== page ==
Tuesday, February 28, 2017

Securing the History of Old San Juan – The Puerto Rico Historic Building Drawing Society

Our tour guide, Andy, stopped and told us to wait while he went into a jewelry store on Calle San Francisco in Old San Juan. A few minutes later he came out with the key to an apartment building across the street. He opened the creaky gate and, as we looked up the steep stairway, said “It’s worth the climb.”

San Juan, Puerto Rico, is one of the oldest European cities in the Americas, and its buildings are a unique collection of Spanish colonial architecture. It is so unique that it was named a UNESCO World Heritage Site in 1983. Unfortunately a large number of these treasures have been allowed to deteriorate over the years. The Puerto Rico Historic Building Drawing Society (PRHBDS) is working hard to educate people and help turn this tide.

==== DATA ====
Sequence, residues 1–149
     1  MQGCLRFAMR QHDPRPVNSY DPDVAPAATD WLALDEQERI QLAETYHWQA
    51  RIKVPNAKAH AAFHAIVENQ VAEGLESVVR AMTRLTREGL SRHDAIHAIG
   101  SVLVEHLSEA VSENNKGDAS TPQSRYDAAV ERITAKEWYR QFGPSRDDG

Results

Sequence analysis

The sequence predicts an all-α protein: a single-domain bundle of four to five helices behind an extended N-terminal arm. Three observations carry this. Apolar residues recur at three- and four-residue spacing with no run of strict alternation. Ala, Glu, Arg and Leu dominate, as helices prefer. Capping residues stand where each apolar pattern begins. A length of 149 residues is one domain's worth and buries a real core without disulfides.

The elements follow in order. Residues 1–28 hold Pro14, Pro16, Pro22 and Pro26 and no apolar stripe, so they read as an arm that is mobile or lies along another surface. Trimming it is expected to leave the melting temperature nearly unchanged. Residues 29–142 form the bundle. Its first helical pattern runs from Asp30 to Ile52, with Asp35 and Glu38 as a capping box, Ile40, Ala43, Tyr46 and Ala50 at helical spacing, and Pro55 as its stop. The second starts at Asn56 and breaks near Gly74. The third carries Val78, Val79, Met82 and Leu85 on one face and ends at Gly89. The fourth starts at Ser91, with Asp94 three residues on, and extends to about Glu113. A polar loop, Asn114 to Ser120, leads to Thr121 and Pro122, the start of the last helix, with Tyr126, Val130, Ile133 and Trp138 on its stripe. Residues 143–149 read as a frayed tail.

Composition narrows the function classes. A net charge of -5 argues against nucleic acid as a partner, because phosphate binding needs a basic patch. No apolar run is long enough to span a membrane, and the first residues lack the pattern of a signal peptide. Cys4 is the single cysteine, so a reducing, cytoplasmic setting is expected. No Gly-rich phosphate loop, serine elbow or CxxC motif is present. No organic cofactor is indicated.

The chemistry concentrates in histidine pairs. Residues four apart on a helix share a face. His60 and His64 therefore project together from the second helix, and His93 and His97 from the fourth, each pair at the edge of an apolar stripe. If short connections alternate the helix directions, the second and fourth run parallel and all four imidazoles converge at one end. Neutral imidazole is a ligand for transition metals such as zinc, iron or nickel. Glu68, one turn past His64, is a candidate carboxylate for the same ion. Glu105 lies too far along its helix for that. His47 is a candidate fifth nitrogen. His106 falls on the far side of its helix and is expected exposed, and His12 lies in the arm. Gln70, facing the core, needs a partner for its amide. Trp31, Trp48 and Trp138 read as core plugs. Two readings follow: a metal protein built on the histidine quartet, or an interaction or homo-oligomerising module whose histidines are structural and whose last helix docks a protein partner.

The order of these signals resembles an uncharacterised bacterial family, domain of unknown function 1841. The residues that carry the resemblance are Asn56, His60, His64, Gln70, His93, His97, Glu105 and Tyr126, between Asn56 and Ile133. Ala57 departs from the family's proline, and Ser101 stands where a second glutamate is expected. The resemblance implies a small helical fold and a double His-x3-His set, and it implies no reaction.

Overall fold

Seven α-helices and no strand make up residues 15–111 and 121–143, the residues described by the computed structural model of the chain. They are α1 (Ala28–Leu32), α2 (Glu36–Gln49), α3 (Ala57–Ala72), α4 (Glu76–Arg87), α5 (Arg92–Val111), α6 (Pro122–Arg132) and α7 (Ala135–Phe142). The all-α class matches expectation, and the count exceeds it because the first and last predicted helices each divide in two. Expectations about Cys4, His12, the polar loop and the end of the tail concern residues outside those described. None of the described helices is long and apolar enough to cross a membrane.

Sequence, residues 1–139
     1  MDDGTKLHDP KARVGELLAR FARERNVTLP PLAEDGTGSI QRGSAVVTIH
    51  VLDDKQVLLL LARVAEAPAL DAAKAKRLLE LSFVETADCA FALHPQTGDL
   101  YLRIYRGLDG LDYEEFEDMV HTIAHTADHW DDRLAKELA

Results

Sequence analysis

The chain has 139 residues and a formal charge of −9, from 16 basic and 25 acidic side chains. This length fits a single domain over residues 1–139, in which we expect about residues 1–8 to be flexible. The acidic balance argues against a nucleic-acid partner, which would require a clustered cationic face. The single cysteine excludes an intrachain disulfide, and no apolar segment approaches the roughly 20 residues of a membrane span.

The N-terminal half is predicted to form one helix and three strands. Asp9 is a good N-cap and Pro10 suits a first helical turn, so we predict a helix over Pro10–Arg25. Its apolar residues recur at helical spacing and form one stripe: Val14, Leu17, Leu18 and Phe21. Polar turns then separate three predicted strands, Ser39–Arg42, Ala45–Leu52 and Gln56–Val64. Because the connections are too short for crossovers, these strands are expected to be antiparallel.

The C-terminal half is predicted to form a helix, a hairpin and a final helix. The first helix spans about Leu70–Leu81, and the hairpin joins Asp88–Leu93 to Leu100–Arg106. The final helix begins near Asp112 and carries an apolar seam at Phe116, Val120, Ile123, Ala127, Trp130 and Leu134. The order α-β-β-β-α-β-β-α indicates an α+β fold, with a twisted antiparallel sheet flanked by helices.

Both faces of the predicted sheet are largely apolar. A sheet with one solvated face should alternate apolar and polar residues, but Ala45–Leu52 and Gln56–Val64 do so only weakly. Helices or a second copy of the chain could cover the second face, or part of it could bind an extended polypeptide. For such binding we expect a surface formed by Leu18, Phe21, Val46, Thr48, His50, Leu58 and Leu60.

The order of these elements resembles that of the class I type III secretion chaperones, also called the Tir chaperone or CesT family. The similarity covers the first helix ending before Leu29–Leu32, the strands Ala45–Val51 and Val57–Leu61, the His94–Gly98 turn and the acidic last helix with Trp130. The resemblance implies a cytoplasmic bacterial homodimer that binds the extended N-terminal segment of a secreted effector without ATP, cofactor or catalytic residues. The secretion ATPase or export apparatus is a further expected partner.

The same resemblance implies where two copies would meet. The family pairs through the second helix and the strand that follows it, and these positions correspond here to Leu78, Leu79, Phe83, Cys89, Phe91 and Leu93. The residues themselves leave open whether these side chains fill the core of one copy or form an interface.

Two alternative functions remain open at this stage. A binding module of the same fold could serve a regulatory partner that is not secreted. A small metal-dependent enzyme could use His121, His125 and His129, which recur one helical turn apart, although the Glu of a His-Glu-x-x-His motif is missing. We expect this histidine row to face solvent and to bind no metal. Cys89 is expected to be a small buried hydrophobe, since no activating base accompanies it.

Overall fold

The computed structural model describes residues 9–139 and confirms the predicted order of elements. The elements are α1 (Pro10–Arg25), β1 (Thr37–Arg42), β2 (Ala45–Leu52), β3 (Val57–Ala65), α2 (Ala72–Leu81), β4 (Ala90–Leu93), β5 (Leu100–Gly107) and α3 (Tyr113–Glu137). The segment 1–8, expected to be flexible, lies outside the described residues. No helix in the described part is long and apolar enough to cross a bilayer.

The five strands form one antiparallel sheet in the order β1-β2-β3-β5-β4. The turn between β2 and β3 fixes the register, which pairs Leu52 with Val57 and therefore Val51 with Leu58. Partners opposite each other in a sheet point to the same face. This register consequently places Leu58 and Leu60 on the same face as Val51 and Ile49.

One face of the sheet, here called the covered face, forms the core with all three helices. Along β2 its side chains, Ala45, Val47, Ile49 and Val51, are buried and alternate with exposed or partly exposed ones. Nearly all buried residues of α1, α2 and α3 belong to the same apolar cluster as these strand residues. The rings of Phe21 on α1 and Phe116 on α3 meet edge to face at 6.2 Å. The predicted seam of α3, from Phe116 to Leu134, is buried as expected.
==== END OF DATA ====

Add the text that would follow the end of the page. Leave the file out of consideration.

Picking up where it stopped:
Alcalde de Viejo San Juan

Convento y Casa de Salud de Siervas de Maria

The PRHBDS is an organization of professionals including architects, urban planners, engineers and educators that has a goal of promoting and educating the population on Puerto Rico’s historic environment. They work hard to make sure that its past is researched, understood and preserved. It maintains a library of architectural drawings, historic photographs and information about over 1200 buildings around the island. They also run educational tours that highlight that history and architecture. 

Andy Rivera - Founder and President, PRHBDS